A: Fitch is actually a kind of slang term used to describe a type of fur. When people refer to "fitch" they're often referring to European Polecats or Polecat/Ferret hybrids that have been raised specifically for fur production. The Domesticated Ferret is not used for fur production. Apparently the fur from Domesticated Ferrets makes poor quality coats.
Q: Isn't the ferret in actuality a polecat?
A: That depends on how you're using the term "polecat." The term polecat is often used to describe all members of the mustelidae family. (Just as "cat" is often used to describe housecats as well as lions and tigers) If your definition of the word "polecat" is in that general sense then yes, the Domesticated Ferret is a polecat. In England "polecat" is also used to specifically describe both the European Polecat (a wild animal) and sometimes the Domesticated Ferret as well which can be confusing to some since they are not the same animal (similar in many ways but still different animals). In the USA, the term polecat is used to describe skunks -which are certainly not the same animals as ferrets. So whether or not the Domesticated Ferret is a "polecat" depends on your definition of that word.
Some believe that the domesticated pet ferret may be a mutation of the European Polecat (though this too is uncertain), but even these two animals have very specific differences. However, the European Polecat can be bred with the Domesticated Ferret much in the way wolves can be bred with dogs. But again, there's no mistaking that a wolf and a Poodle or a Chihuahua are different animals even if they share a similar origin.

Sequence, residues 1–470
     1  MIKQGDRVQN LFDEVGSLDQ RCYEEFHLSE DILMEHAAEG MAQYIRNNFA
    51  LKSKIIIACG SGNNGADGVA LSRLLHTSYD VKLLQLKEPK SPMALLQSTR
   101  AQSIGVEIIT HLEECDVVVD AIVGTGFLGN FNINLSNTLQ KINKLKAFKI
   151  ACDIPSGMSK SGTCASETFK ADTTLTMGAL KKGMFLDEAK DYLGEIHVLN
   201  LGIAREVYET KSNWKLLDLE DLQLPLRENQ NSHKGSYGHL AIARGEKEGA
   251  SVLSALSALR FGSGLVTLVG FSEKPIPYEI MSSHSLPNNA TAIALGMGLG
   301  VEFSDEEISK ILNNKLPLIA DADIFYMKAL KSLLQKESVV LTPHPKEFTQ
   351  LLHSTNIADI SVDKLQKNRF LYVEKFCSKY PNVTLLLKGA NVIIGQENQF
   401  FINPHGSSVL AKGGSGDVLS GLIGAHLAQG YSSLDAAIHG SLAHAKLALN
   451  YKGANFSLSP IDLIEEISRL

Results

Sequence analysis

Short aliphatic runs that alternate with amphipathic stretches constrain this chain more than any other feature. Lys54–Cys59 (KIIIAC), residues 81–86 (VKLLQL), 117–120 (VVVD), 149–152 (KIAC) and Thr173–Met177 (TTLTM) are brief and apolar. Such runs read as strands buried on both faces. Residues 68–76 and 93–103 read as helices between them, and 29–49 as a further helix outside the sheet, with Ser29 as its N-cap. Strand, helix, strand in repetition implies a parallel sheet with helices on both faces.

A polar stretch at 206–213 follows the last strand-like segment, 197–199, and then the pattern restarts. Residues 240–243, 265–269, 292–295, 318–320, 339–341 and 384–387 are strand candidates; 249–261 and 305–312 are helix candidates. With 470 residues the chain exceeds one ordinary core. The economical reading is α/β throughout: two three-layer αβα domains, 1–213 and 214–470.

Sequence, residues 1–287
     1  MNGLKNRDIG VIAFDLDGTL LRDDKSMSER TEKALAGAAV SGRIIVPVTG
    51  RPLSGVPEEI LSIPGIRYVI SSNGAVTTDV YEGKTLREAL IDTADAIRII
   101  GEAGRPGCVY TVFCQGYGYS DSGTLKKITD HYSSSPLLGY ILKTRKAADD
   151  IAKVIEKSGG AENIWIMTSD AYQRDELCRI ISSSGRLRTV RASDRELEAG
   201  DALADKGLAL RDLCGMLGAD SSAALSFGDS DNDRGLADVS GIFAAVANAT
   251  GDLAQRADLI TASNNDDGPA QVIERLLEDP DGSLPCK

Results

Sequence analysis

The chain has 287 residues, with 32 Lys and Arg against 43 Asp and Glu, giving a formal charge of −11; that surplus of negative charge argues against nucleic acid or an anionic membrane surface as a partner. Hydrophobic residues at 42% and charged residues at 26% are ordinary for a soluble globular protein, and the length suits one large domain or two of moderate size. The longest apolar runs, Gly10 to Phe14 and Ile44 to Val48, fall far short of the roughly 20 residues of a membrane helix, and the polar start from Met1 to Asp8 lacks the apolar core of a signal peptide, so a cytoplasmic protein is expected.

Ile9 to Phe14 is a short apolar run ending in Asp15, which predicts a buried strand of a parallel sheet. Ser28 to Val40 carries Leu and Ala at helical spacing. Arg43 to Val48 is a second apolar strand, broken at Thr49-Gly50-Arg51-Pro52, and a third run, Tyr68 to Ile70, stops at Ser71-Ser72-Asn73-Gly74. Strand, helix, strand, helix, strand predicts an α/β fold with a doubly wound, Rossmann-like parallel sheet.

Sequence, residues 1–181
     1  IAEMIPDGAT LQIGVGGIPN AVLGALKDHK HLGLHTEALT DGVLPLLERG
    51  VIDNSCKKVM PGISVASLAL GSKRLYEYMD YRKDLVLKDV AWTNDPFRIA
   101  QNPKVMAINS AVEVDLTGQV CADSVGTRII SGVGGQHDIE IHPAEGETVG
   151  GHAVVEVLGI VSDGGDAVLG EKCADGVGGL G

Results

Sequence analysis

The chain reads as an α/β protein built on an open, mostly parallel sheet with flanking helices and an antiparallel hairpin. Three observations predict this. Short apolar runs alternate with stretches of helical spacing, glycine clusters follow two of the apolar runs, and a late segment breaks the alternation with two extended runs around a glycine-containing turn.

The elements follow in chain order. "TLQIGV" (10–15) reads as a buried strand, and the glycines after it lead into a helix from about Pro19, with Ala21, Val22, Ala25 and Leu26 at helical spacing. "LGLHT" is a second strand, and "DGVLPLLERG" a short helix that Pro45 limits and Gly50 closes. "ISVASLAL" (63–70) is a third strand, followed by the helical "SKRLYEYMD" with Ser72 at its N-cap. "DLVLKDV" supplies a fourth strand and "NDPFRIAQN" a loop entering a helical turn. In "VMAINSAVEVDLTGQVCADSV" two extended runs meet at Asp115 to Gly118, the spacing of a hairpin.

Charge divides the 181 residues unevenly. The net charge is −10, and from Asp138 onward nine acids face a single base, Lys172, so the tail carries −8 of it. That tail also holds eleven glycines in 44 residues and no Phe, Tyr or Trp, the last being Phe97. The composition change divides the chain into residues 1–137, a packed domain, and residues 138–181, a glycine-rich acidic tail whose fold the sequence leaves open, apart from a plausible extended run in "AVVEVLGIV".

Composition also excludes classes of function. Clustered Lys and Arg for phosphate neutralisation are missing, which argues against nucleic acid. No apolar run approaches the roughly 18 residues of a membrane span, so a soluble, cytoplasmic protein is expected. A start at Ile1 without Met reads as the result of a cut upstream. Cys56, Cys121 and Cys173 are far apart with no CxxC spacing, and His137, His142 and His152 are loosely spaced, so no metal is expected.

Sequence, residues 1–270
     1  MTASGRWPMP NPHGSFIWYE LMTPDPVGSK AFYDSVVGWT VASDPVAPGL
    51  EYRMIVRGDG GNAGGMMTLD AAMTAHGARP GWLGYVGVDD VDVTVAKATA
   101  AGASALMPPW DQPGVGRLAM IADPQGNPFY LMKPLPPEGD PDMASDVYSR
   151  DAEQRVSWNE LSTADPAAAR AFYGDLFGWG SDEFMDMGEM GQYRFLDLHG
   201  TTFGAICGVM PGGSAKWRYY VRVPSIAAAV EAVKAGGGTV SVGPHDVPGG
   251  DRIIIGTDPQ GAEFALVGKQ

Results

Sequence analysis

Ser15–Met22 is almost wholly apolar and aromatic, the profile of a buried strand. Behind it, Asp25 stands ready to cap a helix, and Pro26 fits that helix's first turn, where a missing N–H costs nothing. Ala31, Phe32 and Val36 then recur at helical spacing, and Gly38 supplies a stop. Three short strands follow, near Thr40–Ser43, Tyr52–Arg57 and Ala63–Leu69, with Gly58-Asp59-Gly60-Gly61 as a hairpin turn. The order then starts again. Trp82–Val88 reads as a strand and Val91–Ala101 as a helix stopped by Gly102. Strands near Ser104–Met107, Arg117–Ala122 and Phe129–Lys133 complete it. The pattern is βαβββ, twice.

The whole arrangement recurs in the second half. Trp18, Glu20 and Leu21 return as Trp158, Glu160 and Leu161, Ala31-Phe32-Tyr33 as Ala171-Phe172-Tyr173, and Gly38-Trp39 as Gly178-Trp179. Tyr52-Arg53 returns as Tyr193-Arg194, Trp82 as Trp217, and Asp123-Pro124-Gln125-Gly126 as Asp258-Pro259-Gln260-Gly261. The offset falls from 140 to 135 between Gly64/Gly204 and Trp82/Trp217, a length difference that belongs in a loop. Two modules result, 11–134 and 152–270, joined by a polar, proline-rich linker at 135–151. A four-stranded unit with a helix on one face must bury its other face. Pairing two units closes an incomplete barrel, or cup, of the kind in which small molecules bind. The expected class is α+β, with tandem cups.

Q: Isn't the Black Footed Ferret a ferret albeit not a domesticated one?
A: No. If you were to actually domesticate a Black Footed Ferret over thousands of years, the result would not be the same as "the Domesticated Ferret" (more below.)
Q: Isn't the claim that there are no ferrets in the wild somewhat disingenuous? Just because The Black Footed Ferret is not a Domesticated Ferret, isn't it still a ferret?
A: No. The name is confusing. When discussing "ferrets" in the wild, what is usually referred to and considered "a ferret" is the Domesticated Ferret (particularly in the context of discussing the legalization of the Domesticated pet Ferret) The Black Footed Ferret is no more a "ferret" than a mink or an otter are "ferrets" (or than a "ferret" is an otter!). The presence of mink and otter in the wild doesn't change the fact that there are no "ferrets" in the wild. They are not the same animal.
The fact that the Black Footed Ferret has the word "ferret" in its name is confusing to some and has probably added to the misconception that Domesticated Ferrets are, or were once, wild animals, but again, they are actually quite different animals. It's almost the same (though not quite the same thing) as having someone say "we don't eat dogs in the USA" and having someone point out that we eat "hot dogs" -which are not in actuality dogs even though they have "dog" in their name. Or maybe more similarly, to say that cats make great pets and having someone say that Lions and Pumas are "cats" and they don't make great pets! It's semantics. But again, when discussing the existence of "ferrets in the wild" though some may be confused by the fact that the Black Footed Ferret has the word "ferret" in its name, the understanding is that the term refers to the Domesticated Ferret (just as there may be some confusion about eating hot dogs, and about having "cats" as pets, but there is a common understanding of what's being referred to in those instances as well regardless of semantics.)